Am I still me — now, in my seventies? Does our identity mature as our bodies and minds grow old?
I’m Rachel McAlpine, a writer living in Wellington, New Zealand, born in Christchurch in 1940.
My age is of special fascination to me at present, I’m not sure why. In February 2016 I turned 76, although I don’t look it in my photo, do I?
I used to think of life after 70 as a sort of misty holiday.
And then the penny dropped. What if we live well into our 90s, as predicted? That changes everything. A huge chunk of time still lies ahead, waiting to be lived, used, and relished. Do I fancy 20 years in a rocking chair? Blimey, I’ve still got enough time to qualify as a neurosurgeon! But I don’t want to be a neurosurgeon… so what shape do I want these precious years to take?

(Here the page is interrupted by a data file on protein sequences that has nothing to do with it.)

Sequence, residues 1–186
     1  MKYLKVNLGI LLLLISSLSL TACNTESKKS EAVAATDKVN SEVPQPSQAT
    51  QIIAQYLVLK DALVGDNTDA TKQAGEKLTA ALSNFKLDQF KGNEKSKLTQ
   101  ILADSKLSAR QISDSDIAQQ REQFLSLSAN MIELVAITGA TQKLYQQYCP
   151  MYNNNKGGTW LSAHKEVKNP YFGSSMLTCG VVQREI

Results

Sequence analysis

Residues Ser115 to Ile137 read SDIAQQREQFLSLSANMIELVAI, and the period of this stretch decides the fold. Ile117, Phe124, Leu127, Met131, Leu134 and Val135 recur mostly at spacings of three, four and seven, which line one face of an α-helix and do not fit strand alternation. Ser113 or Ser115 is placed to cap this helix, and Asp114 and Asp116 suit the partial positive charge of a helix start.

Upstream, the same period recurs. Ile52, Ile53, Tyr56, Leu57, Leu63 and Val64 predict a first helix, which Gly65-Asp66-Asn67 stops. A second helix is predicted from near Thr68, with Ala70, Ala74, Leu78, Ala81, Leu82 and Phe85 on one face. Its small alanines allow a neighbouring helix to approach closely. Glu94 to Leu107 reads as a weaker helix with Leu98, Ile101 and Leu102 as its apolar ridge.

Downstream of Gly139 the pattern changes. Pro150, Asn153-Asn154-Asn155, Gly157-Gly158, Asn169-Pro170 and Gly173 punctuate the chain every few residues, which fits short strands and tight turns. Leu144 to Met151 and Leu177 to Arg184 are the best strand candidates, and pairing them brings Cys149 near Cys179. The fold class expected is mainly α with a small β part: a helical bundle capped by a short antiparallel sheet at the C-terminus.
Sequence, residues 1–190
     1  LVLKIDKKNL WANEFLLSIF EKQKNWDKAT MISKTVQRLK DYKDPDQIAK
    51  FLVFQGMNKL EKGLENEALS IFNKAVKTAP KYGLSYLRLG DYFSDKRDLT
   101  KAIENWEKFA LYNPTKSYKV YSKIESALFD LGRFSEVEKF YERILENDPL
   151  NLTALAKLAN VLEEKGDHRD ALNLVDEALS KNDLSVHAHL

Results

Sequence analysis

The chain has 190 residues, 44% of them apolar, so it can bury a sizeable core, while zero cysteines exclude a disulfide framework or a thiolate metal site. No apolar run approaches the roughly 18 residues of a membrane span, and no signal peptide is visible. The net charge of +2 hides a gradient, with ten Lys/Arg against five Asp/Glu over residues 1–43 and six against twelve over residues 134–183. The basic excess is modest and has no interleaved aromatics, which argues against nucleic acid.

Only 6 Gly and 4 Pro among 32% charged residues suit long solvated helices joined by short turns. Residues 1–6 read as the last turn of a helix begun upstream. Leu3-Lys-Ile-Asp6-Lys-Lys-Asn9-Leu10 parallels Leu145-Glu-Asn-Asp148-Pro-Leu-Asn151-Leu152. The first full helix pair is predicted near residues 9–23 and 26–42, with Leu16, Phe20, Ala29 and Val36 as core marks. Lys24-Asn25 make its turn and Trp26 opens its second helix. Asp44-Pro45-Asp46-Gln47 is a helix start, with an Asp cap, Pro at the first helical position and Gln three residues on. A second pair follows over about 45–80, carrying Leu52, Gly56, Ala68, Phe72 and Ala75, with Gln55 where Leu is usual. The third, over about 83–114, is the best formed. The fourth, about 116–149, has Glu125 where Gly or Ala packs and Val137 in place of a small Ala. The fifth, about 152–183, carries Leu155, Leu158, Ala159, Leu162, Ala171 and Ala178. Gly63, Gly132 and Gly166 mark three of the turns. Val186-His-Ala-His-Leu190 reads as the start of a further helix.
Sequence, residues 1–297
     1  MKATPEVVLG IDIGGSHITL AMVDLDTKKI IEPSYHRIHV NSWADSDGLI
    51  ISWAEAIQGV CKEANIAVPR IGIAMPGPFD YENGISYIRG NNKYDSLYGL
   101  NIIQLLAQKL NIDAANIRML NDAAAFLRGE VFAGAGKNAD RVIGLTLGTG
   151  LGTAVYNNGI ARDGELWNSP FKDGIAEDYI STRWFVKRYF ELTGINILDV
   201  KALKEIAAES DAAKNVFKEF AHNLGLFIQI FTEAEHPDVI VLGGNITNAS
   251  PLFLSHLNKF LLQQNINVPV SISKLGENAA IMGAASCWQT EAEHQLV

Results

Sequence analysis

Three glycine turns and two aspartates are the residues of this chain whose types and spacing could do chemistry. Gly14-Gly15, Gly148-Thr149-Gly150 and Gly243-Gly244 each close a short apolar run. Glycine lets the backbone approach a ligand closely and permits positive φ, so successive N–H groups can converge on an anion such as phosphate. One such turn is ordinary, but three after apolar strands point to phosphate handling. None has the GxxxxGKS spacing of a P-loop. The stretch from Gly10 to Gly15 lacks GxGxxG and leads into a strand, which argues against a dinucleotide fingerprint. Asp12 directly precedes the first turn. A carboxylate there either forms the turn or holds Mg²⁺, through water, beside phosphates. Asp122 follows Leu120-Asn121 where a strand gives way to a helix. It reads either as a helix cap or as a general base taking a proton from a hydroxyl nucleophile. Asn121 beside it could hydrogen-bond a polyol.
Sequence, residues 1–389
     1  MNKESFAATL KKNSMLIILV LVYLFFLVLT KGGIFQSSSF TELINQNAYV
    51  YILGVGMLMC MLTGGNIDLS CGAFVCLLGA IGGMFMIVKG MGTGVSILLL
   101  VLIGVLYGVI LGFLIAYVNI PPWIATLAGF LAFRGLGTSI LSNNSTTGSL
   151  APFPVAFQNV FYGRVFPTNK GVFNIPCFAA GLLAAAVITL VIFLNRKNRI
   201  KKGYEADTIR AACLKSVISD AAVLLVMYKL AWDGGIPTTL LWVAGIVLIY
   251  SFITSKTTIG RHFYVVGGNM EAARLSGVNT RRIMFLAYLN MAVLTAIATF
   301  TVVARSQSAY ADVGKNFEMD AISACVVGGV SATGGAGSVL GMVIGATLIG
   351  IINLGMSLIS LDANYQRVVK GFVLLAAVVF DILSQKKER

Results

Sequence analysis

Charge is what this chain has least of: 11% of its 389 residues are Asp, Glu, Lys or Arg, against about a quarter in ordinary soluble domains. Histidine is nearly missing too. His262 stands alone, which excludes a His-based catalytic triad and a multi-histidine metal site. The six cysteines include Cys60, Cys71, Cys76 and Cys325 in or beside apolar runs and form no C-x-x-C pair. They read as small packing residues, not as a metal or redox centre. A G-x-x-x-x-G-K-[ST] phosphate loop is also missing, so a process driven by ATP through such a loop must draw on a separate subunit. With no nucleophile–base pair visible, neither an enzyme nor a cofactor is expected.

How to prepare intelligently for the bonus years? How to make them a blessing instead of a curse? I undertook a self-inflicted year of self-improvement, a Boot camp for the bonus years. In the process I learned a great deal about the weird ways in which old age looms in our minds, dreaded and unexamined, and I became super-sensitive to the plague of ageism.
My inner Sergeant-Major has permitted me to stop all that self-examination and self-improvement. But I’m full-on committed to understanding ageism, and if possible stamping it out — for all our sakes, young and old. Wish me luck?
Image from “Una and the Red Cross Knight, and other tales from Spenser’s Faery Queene” 1905, public domain